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Posts Tagged ‘telework’

If we have to choose a single factor that came out of Covid-19, it would be teleworking and its corollary: the death of the city (The death of the city – Politico 17/08/2020) as we know it, since supposedly we can now move anywhere and continue working.

But is it true that we can move anywhere? Even if we disregard manufacturer workers, healthcare professionals, service providers, and other professionals that cannot possibly do their job by teleworking, there is a tendency by journalists to focus their assessment of the situation created by Covid-19 on a very narrow sector of the population: those 30-40 year olds that, like themselves, have no kids,  no health problems and who can telework without major problems.

Cities were invented, and they flourish, because they provide care from cradle to grave. They have the facilities to make sure you are born without problems. They provide the network for you to socialize with children of similar age and learn your first skills. They keep up their offer as you grow, so that you can meet your first love. And it goes on, so that when you become an adult, the city will provide you with a partner and a job where  you can interact with your peers and together come up with bright solutions for whatever your concerns may be.

The wheel continues: in the city, you have a hospital nearby for your children’s safe birth. Maybe the same hospital to which you will accompany your parents for a checkup.  And we have not mentioned anything about ample shopping experience, movies in different languages, and restaurants and bars to mingle.

To sum up; I can identify certain red lines that most people are not prepared to give up. Those are: close availability of healthcare services; ample supply of goods and services; and social activities. Do you know of any environment that can provide those three aspects other than a city?

Let us stop talking about the death of the city and start talking about making the city more humane. A place to enjoy even when going to work. With more room for pedestrians and less room for noisy cars. The place in which we have most of the conveniences within walking distance, forgetting about those horrible malls and huge office buildings. A habitable city.

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NOTE: I am using “he” throughout the post for the sake of simplicity, you can substitute it by “she” and it reads exactly the same.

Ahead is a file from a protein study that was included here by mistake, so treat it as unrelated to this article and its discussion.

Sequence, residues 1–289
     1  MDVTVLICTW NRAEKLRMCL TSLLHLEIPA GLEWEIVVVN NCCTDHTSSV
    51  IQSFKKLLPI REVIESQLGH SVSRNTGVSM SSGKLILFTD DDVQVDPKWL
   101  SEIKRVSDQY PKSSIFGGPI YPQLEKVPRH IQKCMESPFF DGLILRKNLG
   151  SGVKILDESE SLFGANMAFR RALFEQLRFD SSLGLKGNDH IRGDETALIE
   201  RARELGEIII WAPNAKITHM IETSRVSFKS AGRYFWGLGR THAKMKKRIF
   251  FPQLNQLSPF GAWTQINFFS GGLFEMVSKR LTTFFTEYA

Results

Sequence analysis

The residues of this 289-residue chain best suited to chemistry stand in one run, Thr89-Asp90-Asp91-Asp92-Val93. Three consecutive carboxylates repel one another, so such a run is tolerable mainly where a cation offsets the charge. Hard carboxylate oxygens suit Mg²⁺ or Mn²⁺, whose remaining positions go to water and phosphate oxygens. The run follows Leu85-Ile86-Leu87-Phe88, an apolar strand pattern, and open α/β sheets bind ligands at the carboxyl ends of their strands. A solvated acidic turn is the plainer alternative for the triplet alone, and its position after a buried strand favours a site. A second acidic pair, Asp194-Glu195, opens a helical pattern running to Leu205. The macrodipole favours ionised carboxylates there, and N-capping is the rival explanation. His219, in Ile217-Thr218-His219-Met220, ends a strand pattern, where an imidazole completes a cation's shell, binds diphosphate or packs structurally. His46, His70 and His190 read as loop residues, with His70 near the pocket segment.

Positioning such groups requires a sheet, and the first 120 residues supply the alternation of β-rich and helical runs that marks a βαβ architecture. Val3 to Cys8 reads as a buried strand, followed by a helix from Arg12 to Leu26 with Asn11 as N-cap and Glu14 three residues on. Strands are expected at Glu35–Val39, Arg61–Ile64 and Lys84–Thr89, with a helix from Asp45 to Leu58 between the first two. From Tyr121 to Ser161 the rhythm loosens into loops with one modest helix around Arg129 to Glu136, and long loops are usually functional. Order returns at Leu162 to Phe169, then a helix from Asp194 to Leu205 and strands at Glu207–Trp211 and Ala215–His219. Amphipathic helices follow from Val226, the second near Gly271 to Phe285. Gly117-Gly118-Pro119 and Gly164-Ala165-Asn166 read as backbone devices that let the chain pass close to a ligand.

The sudden coming of age of teleworking due to the Covid-19 pandemic has given rise to  many complaints. Some of them focus on the fact that teleworking, as it has been implemented, creates very stressful situations. The fact is that, since it was implemented as a response to the situation and not based on a planned voluntary assumption of the system, the teleworker found that, at home, life goes on. Home is not an office, home is a living entity.

How weird! The teleworker discovered all of a sudden that in the house there is more activity than what he imagined when comfortably working at the office. There are rooms to clean and beds to be made. There are children to attend to and help with schoolwork. There are questions from the teenager that need an answer NOW! There is shopping to be done and meals to be prepared. There are …  fill the gaps.

All those tasks were fulfilled by someone other than himself. Now he is in the middle of all that activity, and this intrudes on his teleworking activity.

That somebody has been using their multitask abilities. That somebody, who in past was the mother of the household, has gotten used to performing a myriad of tasks at the same time without any problems.

My point is that the worker who moves into teleworking should develop multitasking abilities. He should be able to move seamlessly from the computer to baby feeding. There are moments in which a certain degree of concentration is needed, and no external interference is welcome. But I hardly think that concentration is needed 8 hours a day. The teleworker has to get used to moving easily from office work to household work, that work that was done by somebody else while he was comfortably (sorry – sweating) in the office.

Stop complaining and learn to incorporate into your life, and enjoy, those tasks that are needed for your own wellbeing and of those of your household.

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